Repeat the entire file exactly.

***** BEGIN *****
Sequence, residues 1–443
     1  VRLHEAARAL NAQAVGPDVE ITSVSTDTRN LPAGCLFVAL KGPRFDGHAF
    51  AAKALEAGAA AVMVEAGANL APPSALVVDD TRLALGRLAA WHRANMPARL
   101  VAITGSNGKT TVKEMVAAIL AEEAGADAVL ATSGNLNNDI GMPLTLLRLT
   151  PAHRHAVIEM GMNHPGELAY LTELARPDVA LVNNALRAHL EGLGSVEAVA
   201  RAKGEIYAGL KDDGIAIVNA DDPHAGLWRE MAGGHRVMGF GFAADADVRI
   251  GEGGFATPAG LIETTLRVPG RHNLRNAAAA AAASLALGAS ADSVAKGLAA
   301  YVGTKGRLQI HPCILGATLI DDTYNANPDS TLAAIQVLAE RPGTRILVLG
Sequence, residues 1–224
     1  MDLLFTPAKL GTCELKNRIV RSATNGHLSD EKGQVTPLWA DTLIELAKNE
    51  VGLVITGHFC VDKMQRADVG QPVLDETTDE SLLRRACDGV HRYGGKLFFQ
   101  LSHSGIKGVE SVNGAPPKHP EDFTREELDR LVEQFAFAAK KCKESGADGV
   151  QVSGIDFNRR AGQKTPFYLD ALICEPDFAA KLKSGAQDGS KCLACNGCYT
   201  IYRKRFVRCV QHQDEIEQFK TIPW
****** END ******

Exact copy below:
Sequence, residues 1–443
     1  VRLHEAARAL NAQAVGPDVE ITSVSTDTRN LPAGCLFVAL KGPRFDGHAF
    51  AAKALEAGAA AVMVEAGANL APPSALVVDD TRLALGRLAA WHRANMPARL
   101  VAITGSNGKT TVKEMVAAIL AEEAGADAVL ATSGNLNNDI GMPLTLLRLT
   151  PAHRHAVIEM GMNHPGELAY LTELARPDVA LVNNALRAHL EGLGSVEAVA
   201  RAKGEIYAGL KDDGIAIVNA DDPHAGLWRE MAGGHRVMGF GFAADADVRI
   251  GEGGFATPAG LIETTLRVPG RHNLRNAAAA AAASLALGAS ADSVAKGLAA
   301  YVGTKGRLQI HPCILGATLI DDTYNANPDS TLAAIQVLAE RPGTRILVLG
Sequence, residues 1–224
     1  MDLLFTPAKL GTCELKNRIV RSATNGHLSD EKGQVTPLWA DTLIELAKNE
    51  VGLVITGHFC VDKMQRADVG QPVLDETTDE SLLRRACDGV HRYGGKLFFQ
   101  LSHSGIKGVE SVNGAPPKHP EDFTREELDR LVEQFAFAAK KCKESGADGV
   151  QVSGIDFNRR AGQKTPFYLD ALICEPDFAA KLKSGAQDGS KCLACNGCYT
   201  IYRKRFVRCV QHQDEIEQFK TIPW